Rundeck on AWS Part I: CloudFormation
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A few months ago I started playing around with Rundeck - a platform for runbook automation, job scheduling, incident response, post-build deployment automation, environment provisioning, data processing jobs and anything you like really it seems, according to its website.
This all sounded very interesting so I set about trying out the vagrant image locally at first, then quickly decided I’d like to get an instance running in AWS with the EC2 plugin so I could control a few nodes with it and really test it out…
So how can I get an instance running in AWS? I’d heard lots about CloudFormation at this point but hadn’t delved into it before - now seemed like a good opportunity. After a few hours of reading up and fiddling around I had a working CloudFormation template that would create a Security Group and place an EC2 instance in it with the Rundeck application installed and running.
Taking the example CloudFormation for a basic LAMP stack, I was able to make a few simple changes to have it install Rundeck instead and return the URL to access Rundeck in its Output.
I’ve described the changes I made to the example CloudFormation on my project page.
You can find the Rundeck CloudFormation in my github if you would like to try it out.
This was great, I could now create and destroy a Rundeck stack at will for testing.
The next thing I tested was changing the Rundeck database from a local file-based one to a local MySQL database and then to an RDS instance in AWS. Then I started thinking about including RDS instance creation in the CloudFormation… unfortunately I didn’t get around to putting RDS into the template, but I’m not too phased by this as I think I’m going to stick to a local MySQL database as it should be sufficient for my light usage - and I do have a slightly messy cloudformation for configuring a MySQL database (PHP could be removed for example).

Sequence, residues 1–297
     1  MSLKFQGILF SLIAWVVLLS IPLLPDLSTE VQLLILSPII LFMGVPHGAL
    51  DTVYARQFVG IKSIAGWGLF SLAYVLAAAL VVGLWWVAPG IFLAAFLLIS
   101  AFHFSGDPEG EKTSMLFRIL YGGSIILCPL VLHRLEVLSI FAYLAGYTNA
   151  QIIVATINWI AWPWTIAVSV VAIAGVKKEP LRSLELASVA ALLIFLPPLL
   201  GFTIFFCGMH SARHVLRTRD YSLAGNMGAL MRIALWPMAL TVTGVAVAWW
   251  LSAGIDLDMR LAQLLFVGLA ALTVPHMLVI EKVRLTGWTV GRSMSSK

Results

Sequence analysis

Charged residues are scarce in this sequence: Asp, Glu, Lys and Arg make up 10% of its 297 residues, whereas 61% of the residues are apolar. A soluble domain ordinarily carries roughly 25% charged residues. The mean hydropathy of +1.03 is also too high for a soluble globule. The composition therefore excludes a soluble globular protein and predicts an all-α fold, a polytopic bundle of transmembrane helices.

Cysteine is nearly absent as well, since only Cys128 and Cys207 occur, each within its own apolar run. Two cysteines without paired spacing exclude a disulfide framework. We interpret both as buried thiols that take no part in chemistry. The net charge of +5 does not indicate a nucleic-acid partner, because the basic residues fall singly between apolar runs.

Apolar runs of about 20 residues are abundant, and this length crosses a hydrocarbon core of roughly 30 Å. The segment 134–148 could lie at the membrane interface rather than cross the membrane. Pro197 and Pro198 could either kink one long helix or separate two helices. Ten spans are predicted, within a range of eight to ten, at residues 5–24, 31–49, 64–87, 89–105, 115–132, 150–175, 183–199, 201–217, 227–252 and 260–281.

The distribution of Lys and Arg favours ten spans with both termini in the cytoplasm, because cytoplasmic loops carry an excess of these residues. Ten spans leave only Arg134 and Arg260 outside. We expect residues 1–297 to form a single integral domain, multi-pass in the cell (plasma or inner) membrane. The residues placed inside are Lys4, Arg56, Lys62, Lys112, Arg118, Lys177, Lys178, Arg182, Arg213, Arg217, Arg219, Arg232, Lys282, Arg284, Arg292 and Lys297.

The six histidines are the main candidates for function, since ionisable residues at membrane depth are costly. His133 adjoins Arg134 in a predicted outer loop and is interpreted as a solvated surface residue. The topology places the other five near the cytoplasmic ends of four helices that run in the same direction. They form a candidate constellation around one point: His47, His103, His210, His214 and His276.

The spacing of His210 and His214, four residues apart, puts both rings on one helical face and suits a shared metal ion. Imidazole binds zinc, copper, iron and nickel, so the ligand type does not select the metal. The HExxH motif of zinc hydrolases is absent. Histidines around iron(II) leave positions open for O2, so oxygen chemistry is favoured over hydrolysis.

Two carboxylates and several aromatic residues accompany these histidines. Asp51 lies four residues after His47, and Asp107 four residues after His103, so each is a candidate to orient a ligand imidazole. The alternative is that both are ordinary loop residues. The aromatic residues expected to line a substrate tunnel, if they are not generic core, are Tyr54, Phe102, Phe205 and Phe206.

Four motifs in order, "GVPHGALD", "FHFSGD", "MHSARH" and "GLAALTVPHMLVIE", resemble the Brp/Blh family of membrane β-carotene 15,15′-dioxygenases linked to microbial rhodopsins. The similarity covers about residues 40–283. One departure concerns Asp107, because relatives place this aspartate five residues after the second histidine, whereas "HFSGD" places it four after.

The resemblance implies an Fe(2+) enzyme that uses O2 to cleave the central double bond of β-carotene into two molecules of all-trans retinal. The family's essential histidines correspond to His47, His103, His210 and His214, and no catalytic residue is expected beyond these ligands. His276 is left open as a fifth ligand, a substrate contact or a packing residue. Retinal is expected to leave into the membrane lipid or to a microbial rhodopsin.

Some time later I had the urge to work on Rundeck again… (actually back in July when I drafted this post oops!)
So I came back to my Rundeck project. Still plenty of fun to be had here. After looking at things with fresh eyes I started investigating using Ansible with Rundeck - I think the less CloudFormation I write the better really…
I noticed Rundeck has an Ansible plugin and thought I’d see what Ansible had to offer in the way of plugins (or Modules it turned out) that do interesting things. I get the basics of Ansible but again hadn’t delved into it before, beyond some basic tutorials, so exploring the documentation for Modules was thoroughly inspiring.
The Rundeck Ansible plugin combined with Ansible Modules looked like a very interesting path, so I have been wandering down it for a little while now…
At the moment I’m still using my Rundeck CloudFormation - with a test instance I’ve tried out the Ansible plugin for Rundeck, configuring a Dynamic Inventory for Ansible which is then read by Rundeck as it’s “Resource Model” or Node Inventory (this seems better than the EC2 plugin) and running ad-hoc commands on selected nodes from the Rundeck UI.
However, I’m thinking about replacing the Rundeck CloudFormation with an Ansible playbook so Ansible will be doing everything! Both creating “core” resources in AWS like Rundeck with a playbook and then creating further resources from Rundeck UI again via Ansible playbooks.
More blogs on Rundeck (and Ansible) to come…
Lately I stumbled across this interesting paper (via the Rundeck website) on using Rundeck in a security environment - very interesting read, particularly section 3: SANS Institute: Rundeck for Secure Script Executions